Citing “Stray Remarks” Doctrine and Plaintiff’s Mistakes, Court Dismisses Discrimination, Hostile Work Environment, and Retaliation Claims

In Lowe v. Mount Sinai Health System, Inc., 16-cv-6074, 2018 WL 2089345 (S.D.N.Y. 2018), the court dismissed plaintiff’s claims of race discrimination (termination), hostile work environment, and retaliation.

Plaintiff testified at her deposition that, e.g., her supervisor (Lopiano) made racial comments, such as “why don’t you go back to Haiti” and “you can’t even speak proper English.” Defendant ultimately terminated plaintiff, citing mistakes in her work (the third of which was uncovered as the result of an internal audit).

The court found that “[t]here is no indication in the record that racial discrimination, or any particular animosity toward Plaintiff, had motivated the initiation of the audit or motivated the ultimate identification of Plaintiff as the primary cause of the mistak[e]” and that there was “sufficient evidence that the termination of Plaintiff’s employment was motivated, not by racial discrimination, but by concern for Plaintiff’s ability to adequately perform her job-related duties.”

In assessing plaintiff’s reliance on alleged racial comments made by plaintiff’s supervisor, however, the court explained:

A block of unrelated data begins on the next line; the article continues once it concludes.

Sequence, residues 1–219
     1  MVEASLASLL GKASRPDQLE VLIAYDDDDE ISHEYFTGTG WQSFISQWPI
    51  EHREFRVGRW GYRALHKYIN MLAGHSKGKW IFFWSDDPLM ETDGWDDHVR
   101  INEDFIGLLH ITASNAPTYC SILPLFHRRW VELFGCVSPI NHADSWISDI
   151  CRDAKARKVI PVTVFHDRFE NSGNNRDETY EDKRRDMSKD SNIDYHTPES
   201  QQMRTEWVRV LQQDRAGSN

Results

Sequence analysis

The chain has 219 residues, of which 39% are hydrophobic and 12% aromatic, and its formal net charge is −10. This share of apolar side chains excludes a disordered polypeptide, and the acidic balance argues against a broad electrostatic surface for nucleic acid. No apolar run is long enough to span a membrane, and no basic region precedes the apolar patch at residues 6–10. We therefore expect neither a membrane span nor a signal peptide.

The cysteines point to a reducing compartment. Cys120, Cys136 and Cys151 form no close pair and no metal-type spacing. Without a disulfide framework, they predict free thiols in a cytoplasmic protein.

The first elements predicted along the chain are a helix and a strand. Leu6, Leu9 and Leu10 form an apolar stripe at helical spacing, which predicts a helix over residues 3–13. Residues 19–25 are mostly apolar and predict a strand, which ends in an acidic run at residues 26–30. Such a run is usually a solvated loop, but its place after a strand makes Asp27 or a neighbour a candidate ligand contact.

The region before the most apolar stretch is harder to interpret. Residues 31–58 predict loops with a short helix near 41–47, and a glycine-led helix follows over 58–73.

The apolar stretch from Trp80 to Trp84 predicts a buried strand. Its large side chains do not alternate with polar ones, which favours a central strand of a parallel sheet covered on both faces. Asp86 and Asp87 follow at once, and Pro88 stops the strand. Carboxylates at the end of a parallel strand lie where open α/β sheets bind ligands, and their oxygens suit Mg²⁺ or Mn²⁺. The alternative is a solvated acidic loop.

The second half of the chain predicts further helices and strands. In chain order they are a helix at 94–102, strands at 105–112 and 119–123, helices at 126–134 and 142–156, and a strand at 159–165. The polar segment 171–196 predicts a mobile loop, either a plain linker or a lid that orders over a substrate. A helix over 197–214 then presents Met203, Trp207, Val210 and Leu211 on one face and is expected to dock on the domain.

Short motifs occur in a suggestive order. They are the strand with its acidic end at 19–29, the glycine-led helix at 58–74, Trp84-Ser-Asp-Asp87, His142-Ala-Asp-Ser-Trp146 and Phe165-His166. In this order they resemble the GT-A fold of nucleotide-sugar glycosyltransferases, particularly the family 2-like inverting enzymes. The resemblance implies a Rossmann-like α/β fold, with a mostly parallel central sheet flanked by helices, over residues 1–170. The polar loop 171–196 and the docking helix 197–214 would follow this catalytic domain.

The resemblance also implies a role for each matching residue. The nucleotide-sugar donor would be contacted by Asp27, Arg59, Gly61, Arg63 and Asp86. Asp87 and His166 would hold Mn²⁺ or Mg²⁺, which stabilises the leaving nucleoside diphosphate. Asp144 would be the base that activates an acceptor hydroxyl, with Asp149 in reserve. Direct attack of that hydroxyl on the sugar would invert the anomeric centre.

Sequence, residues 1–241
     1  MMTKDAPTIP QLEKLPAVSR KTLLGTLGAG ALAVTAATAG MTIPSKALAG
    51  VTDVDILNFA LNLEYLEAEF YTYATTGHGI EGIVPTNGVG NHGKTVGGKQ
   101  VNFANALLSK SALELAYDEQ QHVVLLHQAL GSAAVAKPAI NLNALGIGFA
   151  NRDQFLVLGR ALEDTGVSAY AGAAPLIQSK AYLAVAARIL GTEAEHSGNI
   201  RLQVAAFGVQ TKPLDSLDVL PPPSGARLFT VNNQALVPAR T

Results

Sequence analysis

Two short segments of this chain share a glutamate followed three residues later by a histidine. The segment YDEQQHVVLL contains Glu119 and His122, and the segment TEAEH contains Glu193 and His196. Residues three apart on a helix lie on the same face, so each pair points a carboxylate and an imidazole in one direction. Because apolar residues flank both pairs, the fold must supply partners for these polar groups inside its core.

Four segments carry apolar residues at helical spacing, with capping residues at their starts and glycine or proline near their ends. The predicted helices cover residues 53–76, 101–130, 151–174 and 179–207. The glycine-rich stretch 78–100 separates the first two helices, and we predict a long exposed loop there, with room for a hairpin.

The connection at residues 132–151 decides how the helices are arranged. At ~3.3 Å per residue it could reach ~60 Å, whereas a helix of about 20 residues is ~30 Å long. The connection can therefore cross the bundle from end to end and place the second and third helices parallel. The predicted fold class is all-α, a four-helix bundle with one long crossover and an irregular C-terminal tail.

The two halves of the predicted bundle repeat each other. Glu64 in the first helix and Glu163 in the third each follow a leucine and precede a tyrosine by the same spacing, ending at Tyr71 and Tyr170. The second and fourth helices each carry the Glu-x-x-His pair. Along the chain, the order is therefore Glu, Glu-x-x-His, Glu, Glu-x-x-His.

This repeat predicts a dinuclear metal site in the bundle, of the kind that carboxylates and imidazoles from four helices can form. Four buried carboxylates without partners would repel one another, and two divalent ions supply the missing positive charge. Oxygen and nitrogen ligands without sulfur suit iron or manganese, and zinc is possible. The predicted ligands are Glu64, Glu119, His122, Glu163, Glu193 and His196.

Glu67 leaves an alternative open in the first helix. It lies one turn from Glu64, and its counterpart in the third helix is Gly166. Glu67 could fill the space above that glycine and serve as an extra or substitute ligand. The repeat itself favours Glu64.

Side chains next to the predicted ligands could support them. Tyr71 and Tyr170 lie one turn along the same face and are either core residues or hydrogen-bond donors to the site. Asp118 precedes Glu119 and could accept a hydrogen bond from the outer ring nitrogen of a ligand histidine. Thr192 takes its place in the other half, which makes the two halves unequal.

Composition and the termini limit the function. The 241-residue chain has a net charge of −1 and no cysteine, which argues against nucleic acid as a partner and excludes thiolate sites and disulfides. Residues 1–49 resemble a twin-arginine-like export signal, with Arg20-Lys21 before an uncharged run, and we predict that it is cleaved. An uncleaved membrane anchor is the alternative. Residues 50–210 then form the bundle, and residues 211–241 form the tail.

Plaintiff argues, however, and testified in her deposition, that Lopiano made consistent and incendiary comments about Plaintiff’s race and ability to speak English and otherwise intimated his disgust for her. But, given the above, Plaintiff cannot show a causal connection between these remarks and the termination of her employment. “[S]tray remarks, without more, and with no nexus to the adverse employment action in this case, would not support” an inference of discrimination. See Rosenfeld v. Hostos Cmty. Coll., No. 10 CIV. 3081 JMF, 2013 WL 1285154, at *5 (S.D.N.Y. Mar. 29, 2013), aff’d, 554 F. App’x 72 (2d Cir. 2014). Although Lopiano’s remarks should not be considered “stray” or infrequent, crediting Plaintiff’s testimony (as I must at summary judgment), there is insufficient support in the record to show a connection between such racial animus and the termination decision. The record shows that the decision to terminate Plaintiff was motivated by legitimate business reasons, following Plaintiff’s numerous mistakes, an impartial arbitrator’s final warning, and an independent audit.


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